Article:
Canned Roasted Red Peppers will add flavour to pastas, pizzas and dips all winter long.
If you have a digital commercial canner, canning becomes very easy. I use to have to fill a stock pot with water, and I had a small rack for the bottom of it. But the height of the stock pot and getting it on the burner, full of water was a bit of a chore. Then sumbmerging the jars and removing them involved a step stool ..... I also had to wait till all that water cooled down before I took it off the stove because the chance of slopping hot water over me was pretty high!
All this to say I finally decided to invest in a commercial pressure canner. And I am really glad I did!
I love roasted red peppers so I am happy to put a little effort in to preserving my own!
One thing to keep in mind during the roasting is - let those little peppers get really, really black! Any area where the skins is still red will cling to the flesh. It isn't bad if you only have a few spots but if there is a fold in the pepper and you get a whole streak of red then it is a bit more effort. The black and bubbly parts just about fall off!
And once they are peeled you get these juicy soft pieces of pepper... yum!
Canned peppers will keep on a cool, dry shelf up to a year so you can enjoy the all year round!
Canned Roasted Red Peppers
- Canner or deep pot with rack
- 3 Pint Canning Jars with lids and rings
- 4 lbs fresh red peppers I used Shepherd peppers
- 1 medium sweet onion sliced vertically, optional
- 1 cup bottled lemon juice
- 2 cups white vinegar
- 1 cup olive oil
- 1 ½ tsps coarse pickling salt
- Prepare your canner according to manufacturer's direction. (Or fill a deep pot with a rack in the bottom, with water. Jars cannot sit on the bottom of the pot. Water should cover jars by at least 1". Bring water to a boil.)
- Heat up broiler in the oven. Prepare a baking sheet with parchment paper.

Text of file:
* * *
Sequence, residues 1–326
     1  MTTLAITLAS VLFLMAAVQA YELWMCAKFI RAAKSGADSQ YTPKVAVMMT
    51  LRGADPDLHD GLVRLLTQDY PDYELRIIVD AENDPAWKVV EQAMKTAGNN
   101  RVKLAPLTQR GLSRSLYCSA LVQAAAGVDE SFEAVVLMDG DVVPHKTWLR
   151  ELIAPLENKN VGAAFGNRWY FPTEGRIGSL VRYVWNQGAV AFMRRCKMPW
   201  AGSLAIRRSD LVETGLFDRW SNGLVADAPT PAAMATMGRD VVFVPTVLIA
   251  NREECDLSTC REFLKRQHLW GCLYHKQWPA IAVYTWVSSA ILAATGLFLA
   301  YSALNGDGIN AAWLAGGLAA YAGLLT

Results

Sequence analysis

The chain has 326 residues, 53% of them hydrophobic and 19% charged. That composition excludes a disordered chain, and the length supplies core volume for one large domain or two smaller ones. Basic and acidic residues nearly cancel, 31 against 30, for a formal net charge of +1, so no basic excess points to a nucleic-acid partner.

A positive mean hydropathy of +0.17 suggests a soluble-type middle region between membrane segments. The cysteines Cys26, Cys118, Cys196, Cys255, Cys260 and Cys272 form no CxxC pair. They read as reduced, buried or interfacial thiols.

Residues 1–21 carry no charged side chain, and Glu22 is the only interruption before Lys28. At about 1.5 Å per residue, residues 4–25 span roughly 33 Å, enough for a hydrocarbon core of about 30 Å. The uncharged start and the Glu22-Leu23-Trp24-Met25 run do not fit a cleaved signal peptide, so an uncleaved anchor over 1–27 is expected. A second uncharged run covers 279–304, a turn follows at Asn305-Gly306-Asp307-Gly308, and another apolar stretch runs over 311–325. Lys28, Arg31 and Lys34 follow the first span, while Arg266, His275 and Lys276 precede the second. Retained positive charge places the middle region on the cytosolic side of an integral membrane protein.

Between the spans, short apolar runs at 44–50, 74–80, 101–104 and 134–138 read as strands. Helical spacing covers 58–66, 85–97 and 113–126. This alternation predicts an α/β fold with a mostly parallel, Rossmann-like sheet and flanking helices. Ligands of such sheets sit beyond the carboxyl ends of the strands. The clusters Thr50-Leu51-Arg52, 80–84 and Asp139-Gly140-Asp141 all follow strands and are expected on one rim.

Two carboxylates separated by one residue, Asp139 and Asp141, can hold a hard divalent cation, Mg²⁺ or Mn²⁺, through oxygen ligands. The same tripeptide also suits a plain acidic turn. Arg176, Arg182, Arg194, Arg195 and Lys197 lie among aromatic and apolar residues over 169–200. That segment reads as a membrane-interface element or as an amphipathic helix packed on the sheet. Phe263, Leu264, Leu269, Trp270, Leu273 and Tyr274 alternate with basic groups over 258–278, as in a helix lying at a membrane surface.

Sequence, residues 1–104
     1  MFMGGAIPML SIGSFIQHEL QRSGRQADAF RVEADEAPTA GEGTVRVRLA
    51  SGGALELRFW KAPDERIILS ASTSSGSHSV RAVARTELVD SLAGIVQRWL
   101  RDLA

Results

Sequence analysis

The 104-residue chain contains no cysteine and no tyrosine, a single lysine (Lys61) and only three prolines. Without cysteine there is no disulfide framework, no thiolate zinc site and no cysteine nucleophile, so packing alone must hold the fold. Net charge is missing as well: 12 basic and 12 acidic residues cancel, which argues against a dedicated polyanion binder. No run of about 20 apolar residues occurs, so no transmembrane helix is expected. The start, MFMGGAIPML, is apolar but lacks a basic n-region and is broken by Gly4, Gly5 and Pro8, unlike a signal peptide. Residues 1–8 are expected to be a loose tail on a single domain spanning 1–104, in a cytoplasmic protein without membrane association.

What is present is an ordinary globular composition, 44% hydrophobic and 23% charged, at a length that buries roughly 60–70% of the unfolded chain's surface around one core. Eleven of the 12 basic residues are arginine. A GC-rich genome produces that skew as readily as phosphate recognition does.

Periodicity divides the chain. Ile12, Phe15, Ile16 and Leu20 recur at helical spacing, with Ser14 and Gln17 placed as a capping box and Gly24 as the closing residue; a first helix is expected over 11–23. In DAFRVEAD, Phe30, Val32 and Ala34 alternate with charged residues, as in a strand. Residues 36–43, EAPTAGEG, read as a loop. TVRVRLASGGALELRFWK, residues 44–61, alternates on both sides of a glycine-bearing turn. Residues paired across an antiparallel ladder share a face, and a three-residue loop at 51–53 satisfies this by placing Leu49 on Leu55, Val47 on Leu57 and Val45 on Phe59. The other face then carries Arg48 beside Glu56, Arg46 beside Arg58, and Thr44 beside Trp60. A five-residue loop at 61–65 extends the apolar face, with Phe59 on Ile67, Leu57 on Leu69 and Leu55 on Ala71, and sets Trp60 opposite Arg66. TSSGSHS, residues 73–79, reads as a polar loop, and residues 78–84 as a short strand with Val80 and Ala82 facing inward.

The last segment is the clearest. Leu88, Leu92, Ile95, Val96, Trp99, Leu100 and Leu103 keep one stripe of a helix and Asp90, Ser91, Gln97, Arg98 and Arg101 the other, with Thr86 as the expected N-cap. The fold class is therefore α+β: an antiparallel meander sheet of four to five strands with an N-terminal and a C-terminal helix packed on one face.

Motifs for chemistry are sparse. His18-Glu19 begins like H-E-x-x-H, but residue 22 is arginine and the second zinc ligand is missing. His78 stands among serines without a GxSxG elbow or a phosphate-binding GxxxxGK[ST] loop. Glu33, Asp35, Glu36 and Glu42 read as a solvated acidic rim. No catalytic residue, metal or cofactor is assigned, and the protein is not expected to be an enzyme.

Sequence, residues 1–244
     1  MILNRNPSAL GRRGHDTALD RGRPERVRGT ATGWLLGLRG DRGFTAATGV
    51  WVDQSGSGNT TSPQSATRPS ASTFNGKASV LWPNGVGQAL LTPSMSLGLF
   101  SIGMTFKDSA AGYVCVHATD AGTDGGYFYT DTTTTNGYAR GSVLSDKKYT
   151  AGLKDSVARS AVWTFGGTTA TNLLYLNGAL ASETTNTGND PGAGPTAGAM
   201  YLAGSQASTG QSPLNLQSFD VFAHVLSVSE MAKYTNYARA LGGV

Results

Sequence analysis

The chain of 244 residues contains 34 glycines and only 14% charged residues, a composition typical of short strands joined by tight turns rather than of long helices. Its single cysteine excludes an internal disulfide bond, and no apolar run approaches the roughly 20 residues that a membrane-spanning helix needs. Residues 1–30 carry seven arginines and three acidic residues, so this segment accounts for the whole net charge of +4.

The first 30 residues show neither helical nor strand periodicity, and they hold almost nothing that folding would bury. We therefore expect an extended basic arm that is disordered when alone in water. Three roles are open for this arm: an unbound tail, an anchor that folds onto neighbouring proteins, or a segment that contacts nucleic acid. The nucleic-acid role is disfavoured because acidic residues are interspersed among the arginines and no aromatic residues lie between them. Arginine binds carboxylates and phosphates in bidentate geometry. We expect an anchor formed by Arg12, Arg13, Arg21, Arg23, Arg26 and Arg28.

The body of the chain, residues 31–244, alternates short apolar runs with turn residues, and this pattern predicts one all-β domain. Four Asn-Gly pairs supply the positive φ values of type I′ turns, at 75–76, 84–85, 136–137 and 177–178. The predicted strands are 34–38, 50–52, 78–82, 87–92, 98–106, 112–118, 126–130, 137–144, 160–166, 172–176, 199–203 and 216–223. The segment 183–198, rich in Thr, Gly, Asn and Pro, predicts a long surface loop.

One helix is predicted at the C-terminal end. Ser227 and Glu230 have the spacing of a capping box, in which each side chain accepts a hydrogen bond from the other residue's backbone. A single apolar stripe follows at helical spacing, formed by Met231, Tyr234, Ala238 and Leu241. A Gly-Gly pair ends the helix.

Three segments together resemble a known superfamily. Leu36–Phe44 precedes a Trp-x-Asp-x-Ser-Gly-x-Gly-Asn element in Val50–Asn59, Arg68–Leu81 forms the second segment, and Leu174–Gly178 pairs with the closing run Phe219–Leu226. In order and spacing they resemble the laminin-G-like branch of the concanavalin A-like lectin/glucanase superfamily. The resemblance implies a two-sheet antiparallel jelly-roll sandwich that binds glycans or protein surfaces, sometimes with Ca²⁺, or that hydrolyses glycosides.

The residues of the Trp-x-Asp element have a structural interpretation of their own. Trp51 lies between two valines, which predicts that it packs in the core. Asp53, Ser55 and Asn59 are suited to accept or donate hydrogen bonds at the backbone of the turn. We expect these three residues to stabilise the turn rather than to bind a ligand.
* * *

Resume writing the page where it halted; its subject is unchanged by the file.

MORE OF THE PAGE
- Wash, trim and seed peppers. Slice the flesh vertically into 4 or 6 slices each. Press each section so it lays as flat as possible on the baking sheet.
- Broil on high 4-5 inches from the broiler element until the skins are toally blackened and blistered. This may take 10 minutes or so, but check your pan periodically. When peppers are done reduce the oven to 275° and transfer the peppers to a closed paper bag or covered bowl. Allow hot peppers to sit for about 10 minutes. The steam will help the skin detach more easily from the flesh.
- While peppers are roasting and steaming bring the vinegar, lemon juice, olive oil and salt to a boil. If the water is ready before the jars are sterilized, keep it just under a boil and then bring it back to boil before filling the jars.
- While the peppers are steaming, heat your jars in the oven at 275° for 20 minutes. Lids and rings should sit in boiling water for 5 minutes. Time it so lids come out as you are filling the jars. You can let the jars sit in the warm oven until you are ready to fill them.
- When peppers are done steaming pick up an edge of the blackened pepper skin with a sharp knife. Lift as much skin as you can in one piece. Anywhere black or blistered will come off really easily. If you have any red patches you will have to pick at them a bit more with the tip of your knife.
- Use tongs to remove jars from the oven. Fill with the roasted peppers and onion slices if using, and pour the hot vinegar mixture over the peppers, leaving ½" of headspace at the top of the jar. Wipe rim, position lid and tighten band finger tight,
- Submerge hot jars in your canner or pot and process (boil) for 15 minutes.
- Remove jars with tongs and allow them to come to room temperature.
- Once jars are cooled down, remove the band and check that the lid has sealed. Any jars with unsealed lids should be stored in the fridge and used within a month or so.
- Screw bands back on the sealed jars and store on a cool, dry shelf up to one year.